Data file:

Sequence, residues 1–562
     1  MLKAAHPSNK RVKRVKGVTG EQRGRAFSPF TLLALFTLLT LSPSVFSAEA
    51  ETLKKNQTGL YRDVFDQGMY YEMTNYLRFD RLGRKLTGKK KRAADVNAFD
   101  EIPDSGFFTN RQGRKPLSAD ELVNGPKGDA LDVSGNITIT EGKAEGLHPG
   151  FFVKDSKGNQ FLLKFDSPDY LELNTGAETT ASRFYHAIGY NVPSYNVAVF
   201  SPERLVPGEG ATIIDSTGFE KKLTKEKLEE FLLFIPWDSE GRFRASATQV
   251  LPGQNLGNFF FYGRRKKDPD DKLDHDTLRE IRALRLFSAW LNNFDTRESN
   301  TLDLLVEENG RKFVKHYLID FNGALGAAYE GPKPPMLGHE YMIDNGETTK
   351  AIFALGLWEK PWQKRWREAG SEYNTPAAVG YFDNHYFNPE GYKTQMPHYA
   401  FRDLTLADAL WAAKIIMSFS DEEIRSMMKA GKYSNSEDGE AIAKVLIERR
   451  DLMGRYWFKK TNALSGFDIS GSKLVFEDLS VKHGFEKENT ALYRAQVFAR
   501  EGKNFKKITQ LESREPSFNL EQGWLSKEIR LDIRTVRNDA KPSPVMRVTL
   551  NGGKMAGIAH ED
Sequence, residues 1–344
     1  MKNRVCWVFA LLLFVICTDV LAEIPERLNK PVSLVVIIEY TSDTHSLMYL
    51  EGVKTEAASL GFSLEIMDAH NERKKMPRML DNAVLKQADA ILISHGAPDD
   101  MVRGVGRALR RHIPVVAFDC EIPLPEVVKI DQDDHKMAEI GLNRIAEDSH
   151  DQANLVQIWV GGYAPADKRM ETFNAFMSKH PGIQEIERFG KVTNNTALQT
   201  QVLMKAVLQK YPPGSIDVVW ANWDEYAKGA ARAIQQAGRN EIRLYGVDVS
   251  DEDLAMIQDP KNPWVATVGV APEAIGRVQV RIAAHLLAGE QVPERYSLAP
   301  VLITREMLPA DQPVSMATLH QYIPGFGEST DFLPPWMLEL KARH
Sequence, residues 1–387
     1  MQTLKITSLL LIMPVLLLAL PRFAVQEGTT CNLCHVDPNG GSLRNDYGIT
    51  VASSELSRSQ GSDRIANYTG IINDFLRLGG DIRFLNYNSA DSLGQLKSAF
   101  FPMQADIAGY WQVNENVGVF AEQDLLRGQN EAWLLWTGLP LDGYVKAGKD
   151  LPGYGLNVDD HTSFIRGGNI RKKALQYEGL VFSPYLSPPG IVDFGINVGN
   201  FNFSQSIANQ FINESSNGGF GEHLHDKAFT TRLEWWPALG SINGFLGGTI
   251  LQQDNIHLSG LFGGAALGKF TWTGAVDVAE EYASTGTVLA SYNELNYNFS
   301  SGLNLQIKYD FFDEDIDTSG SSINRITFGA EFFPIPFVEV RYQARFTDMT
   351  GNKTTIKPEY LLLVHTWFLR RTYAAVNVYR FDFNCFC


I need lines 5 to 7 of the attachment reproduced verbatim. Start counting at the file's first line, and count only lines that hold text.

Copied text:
   151  FFVKDSKGNQ FLLKFDSPDY LELNTGAETT ASRFYHAIGY NVPSYNVAVF
   201  SPERLVPGEG ATIIDSTGFE KKLTKEKLEE FLLFIPWDSE GRFRASATQV
   251  LPGQNLGNFF FYGRRKKDPD DKLDHDTLRE IRALRLFSAW LNNFDTRESN